Custom Variables


If Scratch were limited to the three variable attributes of x position, y position, and direction that the interface provides, manipulating sprites on the screen would become boring very quickly. Anyone who has played a role-playing game (RPG) is familiar with a variety of attributes and skills typically available to characters. Because Scratch allows the creation of custom variables, we can create new attributes for our characters.

Your current Game of Tag program dictates how fast each character moves (e.g., 10 steps per movement). We could instead vary each sprite’s speed according to its “skill level.” In order to do that, let’s create a new variable called speed:

In the Variables tab, click Make a Variable, and enter speed as the name. We will want each sprite in our program to have its own speed, so make sure that the button For this sprite only is selected. Create one speed variable for each character. What would happen if For all sprites were selected? Experiment!

The Variables tab supplies two blocks to change the value of speed:

Now that you know about speed variables, make use of them for your Game of Tag program. For each move [10] steps block, replace the numerical value 10 with the variable speed by dragging it from the Variables tab into the slot.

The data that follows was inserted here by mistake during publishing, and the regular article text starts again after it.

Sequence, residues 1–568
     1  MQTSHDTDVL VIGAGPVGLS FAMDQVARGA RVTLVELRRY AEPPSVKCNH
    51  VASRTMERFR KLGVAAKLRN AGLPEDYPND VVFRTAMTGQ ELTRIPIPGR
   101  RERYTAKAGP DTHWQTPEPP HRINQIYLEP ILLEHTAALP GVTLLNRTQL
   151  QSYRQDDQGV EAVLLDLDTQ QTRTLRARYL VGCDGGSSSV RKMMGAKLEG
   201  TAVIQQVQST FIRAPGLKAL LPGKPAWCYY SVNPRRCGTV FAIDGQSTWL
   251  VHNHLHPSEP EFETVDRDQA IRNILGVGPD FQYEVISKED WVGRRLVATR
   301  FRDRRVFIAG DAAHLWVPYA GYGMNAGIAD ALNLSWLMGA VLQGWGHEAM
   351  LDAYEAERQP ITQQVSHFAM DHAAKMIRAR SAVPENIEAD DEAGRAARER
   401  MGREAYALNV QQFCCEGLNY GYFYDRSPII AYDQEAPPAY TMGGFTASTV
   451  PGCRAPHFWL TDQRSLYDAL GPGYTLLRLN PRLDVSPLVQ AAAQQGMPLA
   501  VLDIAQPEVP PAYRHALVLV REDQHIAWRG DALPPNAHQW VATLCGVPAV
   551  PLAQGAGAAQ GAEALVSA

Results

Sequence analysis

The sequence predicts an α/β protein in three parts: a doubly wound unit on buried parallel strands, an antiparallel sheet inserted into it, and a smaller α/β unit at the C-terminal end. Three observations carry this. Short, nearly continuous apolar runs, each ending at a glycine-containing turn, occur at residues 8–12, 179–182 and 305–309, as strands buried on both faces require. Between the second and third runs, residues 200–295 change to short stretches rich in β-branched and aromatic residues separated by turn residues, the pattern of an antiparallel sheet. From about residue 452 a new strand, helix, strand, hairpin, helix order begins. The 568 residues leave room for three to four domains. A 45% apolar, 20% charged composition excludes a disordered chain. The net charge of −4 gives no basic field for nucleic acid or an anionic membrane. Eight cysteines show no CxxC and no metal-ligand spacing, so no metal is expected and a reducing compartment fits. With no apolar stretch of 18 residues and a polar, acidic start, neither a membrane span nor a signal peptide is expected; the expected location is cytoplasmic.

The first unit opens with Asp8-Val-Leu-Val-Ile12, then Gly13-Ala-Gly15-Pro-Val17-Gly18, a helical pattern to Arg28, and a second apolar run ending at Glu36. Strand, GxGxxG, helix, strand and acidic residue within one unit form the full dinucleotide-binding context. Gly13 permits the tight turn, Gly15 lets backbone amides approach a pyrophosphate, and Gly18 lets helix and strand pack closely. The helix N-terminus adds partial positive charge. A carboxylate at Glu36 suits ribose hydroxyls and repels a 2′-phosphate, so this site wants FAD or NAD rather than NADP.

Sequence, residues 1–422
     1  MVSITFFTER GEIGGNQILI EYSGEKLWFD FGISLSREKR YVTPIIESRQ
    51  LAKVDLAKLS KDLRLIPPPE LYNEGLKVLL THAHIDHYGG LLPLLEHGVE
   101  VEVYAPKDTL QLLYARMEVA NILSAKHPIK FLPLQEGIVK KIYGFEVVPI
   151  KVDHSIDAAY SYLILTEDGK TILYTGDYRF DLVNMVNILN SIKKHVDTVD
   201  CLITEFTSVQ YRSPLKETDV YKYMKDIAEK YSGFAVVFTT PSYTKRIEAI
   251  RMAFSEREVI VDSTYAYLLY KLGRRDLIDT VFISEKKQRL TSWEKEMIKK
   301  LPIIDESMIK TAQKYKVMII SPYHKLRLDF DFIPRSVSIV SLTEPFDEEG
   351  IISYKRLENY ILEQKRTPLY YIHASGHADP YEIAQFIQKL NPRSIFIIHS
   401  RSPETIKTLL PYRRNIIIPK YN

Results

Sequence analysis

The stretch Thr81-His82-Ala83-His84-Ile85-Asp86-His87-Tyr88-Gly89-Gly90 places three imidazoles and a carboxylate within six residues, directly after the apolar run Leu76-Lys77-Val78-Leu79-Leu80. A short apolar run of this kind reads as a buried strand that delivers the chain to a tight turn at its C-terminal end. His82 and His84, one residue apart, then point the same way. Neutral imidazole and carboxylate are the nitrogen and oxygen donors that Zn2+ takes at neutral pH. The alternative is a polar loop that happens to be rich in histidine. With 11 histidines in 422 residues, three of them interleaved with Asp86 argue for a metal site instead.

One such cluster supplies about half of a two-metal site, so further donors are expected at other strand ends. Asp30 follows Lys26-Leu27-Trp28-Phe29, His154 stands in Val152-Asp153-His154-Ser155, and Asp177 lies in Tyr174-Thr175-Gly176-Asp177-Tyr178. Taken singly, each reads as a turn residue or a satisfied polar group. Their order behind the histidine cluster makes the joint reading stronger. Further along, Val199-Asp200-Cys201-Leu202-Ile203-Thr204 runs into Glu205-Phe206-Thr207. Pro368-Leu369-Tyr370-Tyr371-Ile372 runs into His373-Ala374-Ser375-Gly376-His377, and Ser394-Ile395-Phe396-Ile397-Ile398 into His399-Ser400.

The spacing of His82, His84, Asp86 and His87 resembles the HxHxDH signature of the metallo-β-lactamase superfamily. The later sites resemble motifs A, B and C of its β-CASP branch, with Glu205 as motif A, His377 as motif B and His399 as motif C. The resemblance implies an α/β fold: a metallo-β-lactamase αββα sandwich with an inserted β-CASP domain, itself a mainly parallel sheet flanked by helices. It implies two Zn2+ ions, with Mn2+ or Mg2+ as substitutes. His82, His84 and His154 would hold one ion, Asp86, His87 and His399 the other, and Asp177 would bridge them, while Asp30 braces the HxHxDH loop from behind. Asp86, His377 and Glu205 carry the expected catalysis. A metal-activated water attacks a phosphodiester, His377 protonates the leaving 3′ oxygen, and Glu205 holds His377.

For example, you should have something resembling the following:


Add the following functionality to your Game of Tag program:

  1. When the green flag is clicked, have each sprite ask for an initial speed. Set the speed of each according to the answer given.
  2. When the second sprite is caught (e.g., when the cat touches the mouse, and the mouse says “OH NOs!!!”), increase the second sprite’s speed by 5.
  3. Pretend that the first sprite is a vertical kind of guy—whenever the first sprite moves up or down, increase his speed by 1. Whenever he moves right or left, decrease his speed by 1.
  4. Make your speed variables visible on the screen so you can test your program to ensure it works correctly.
  5. Personalize your program in at least three other ways.
  6. Provide documentation for your program (describe what it does) as the Instructions. Be sure to describe how your program is original.

When you are satisfied with your work, submit a link to your program or the program itself. Your work will be reviewed by a peer, and in turn, you will review one of your peers’ projects. You should base your evaluation on the assignment rubric.


Criteria Points
Characters move properly 2 pts
Mouse says “OH NOs!!!” when characters touch 2 pts
Speed is determined by user input 2 pts
Mouse speed is conditioned on collisions with Cat 2 pts
Cat’s speed is conditioned on directional movement 2 pts
Displays speeds on the screen 1 pt
Documentation, usability, and personalization 1 pt
TOTAL 12 pts